The Need for (Internet) Speed–Update

October 14th, 2014

Why Voters Need to Vote for City of Boulder Ballot Item 2c

NOTE: We received a lengthy comment opposing City Ballot Item 2C, very similar to comments made regarding a Boulder Daily Camera article on the issue.  Although the Camera has endorsed passing Item 2C, a full discussion can be viewed here.

A YES vote on City of Boulder Ballot Item 2C should be a no-brainer. 2c asks Boulder voters “to affirm the city’s right to provide certain telecommunications services” – namely Internet. But just in case you’re not convinced, we’d like to take a moment to emphasize the many potential benefits to our economy and our society, and to clarify why it is indispensable to maintaining Boulder’s position as a leader in innovation and entrepreneurship.

The Internet is a “foundational” technology. It changes the way we do business and conduct our everyday lives, much as wireless telecommunications and computing did and continue to do. And it has the potential to enhance our lives immeasurably. As examples,

  • The growth of cloud computing as a business tool. As a recent Economist Intelligence Unit report indicated, the disruptive impact of cloud computing has just begun. Contributors noted that the cloud could help flatten organizational hierarchies, enhance customer value and control, and even benefit the environment, among other factors.
  • Increasing use of “Big Data.” Big Data—and its associated strategies such as “business intelligence”—provide immense opportunities for all kinds of organizations. A recent report by the Organization for Economic Co-operation and Development (OECD) outlined the explosive growth of the “big data ecosystem” of information and communications technologies along with knowledge-based capital investment. It further outlined how big data could benefit analytics across the whole economy, including scientific discovery, healthcare, governance, and entrepreneurship.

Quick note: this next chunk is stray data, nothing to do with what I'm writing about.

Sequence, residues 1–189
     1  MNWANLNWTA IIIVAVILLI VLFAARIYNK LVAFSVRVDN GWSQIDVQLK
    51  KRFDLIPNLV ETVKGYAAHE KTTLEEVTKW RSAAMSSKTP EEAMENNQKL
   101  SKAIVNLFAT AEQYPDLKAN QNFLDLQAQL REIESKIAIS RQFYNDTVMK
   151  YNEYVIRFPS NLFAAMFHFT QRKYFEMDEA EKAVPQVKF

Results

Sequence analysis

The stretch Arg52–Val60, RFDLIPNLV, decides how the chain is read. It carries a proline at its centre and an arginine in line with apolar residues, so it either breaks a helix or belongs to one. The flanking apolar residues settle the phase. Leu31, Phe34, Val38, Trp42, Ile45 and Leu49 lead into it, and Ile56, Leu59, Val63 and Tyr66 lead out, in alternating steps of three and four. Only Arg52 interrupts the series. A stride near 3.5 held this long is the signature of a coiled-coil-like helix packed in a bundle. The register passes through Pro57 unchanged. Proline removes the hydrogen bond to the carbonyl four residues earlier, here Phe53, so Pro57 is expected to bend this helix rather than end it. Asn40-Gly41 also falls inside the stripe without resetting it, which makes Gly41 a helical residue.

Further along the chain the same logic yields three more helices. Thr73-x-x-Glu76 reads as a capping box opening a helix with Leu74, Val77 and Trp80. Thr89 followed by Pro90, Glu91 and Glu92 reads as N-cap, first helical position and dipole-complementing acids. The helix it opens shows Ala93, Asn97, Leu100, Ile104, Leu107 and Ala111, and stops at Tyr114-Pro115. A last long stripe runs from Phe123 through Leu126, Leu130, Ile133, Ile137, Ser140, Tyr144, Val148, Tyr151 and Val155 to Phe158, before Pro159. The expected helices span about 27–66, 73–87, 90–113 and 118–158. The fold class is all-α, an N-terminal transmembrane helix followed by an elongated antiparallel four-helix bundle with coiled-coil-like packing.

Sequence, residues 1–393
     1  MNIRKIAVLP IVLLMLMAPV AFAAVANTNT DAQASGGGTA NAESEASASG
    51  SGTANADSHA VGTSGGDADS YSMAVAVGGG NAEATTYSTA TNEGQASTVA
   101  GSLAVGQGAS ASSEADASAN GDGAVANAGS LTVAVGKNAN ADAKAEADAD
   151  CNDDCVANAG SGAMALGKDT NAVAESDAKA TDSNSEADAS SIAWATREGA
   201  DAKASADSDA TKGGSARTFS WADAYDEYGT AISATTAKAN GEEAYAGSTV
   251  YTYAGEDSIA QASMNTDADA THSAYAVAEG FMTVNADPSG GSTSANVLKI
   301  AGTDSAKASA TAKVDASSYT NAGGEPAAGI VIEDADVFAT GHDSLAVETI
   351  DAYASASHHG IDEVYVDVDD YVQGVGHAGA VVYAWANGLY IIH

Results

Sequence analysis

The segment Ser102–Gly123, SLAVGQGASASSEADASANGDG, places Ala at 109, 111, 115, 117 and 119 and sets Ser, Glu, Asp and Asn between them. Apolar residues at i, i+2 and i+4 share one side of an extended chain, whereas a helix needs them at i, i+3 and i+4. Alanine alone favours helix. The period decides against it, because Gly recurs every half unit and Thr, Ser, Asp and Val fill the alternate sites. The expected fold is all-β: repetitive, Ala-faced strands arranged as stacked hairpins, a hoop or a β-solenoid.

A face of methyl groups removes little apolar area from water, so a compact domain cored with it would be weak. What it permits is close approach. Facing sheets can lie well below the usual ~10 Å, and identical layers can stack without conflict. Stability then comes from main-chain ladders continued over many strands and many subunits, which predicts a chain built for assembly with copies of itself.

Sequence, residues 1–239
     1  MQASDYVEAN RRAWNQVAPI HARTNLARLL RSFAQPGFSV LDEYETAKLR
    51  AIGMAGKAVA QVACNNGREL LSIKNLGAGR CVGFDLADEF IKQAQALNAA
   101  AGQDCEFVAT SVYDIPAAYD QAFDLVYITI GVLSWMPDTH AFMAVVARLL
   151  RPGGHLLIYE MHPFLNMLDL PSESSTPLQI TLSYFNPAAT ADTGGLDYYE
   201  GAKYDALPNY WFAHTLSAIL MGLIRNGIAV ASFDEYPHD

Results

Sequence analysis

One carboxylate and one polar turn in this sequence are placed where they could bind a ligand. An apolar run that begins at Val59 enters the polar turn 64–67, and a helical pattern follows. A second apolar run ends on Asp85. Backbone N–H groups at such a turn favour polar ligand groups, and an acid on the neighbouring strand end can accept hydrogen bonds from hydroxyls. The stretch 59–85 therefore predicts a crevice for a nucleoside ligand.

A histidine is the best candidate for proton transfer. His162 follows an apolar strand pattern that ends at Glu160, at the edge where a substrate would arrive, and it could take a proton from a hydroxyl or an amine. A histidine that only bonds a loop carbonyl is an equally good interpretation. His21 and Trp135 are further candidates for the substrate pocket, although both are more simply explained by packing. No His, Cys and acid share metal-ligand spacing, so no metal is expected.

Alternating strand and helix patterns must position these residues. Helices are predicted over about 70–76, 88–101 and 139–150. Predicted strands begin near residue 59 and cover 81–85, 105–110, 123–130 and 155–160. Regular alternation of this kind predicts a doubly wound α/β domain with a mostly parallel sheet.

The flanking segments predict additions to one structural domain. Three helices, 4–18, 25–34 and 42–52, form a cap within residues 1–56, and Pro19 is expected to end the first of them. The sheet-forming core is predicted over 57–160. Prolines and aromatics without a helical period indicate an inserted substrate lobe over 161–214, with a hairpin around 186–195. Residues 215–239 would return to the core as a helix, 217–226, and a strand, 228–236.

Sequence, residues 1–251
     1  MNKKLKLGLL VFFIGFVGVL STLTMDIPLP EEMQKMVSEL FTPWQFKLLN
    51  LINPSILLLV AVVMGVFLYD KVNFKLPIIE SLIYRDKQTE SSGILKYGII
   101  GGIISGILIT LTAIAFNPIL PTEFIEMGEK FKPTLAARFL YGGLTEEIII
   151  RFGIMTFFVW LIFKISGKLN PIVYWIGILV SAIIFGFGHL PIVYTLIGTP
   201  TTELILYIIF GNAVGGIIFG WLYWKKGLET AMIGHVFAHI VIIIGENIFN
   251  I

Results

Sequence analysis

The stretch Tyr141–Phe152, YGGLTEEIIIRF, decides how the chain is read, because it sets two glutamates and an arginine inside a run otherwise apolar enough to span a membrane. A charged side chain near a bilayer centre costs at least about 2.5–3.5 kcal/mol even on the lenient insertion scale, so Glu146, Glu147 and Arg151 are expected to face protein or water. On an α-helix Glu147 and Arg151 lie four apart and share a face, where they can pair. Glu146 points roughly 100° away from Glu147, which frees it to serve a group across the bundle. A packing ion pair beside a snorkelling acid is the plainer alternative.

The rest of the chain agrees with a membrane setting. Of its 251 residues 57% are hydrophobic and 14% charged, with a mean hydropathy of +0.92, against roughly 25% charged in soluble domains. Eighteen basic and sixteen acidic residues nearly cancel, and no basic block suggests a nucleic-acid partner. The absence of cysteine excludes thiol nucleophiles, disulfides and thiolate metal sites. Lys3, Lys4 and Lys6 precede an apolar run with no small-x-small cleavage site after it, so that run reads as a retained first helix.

• Driving innovation and resilience. OECD held a Global Forum on the Knowledge Economy earlier this month in Tokyo, with a focus on “data-driven innovation for a resilient society.” Among the highlights: “…participants acknowledged [the] high value of big data in spurring economic growth or solving various social challenges, and discussed policy options to promote the use of big data…”

Using the tremendous tools offered by the Internet through cloud computing and big data, for example, can yield huge potential gains for business and for society, so it stands to reason that the more efficiently and effectively we can access those tools, the better.

As more communities invest in ultra-fast Internet, it will become a sine qua non for success as a center of innovation. More and more communities are looking into or deploying gigabit-speed connectivity for a reason: it promotes economic growth. A recent report by Gig.U, a consortium of leading universities (including CU-Boulder), concluded, “Whatever one’s time horizon, the relationship between universities, cities, and economic growth is compelling. With value creation in the economy becoming even more dependent on the collection, storage, analysis and dissemination of information, we should expect it to become even more so.” The same report provided a summary of initiatives across the nation to implement gigabit-speed systems through a variety of delivery models, including public, private sector ISPs (Internet Service Providers), and public-private partnerships.

If Boulder cannot follow suit, it will be left behind in the important march to up-level Internet connectivity and will find it hard to continue its claim as a capital of innovation and entrepreneurship.

Ballot Item 2c allows Boulder to jump aboard a train that is already leaving the station. The City has nearly 100 miles of Internet infrastructure in the ground and paid for, but much of it is unused, locked up by a 2005 state law that stifles competition. 2c does not specify a particular delivery model—but it is the only way to unlock the door to exploring options. As a key partner in the YES on 2c campaign, the Boulder Chamber will remain engaged in the exploration process that will follow if voters approve, and it will focus on criteria for selecting and deploying an option that:

  • Stimulates competition to drive the best solutions.
  • Deploys community-wide access to ultra-fast connectivity on a timely basis.
  • Is affordable to a wide variety of organizations and individuals.
  • Is based on robust technology that will scale to leverage evolving speeds and other benefits.

We don’t have to fall behind while other communities tout their gigabit-speed Internet. Let’s explore and see what is possible – vote yes on 2c for Boulder!

Comments are closed.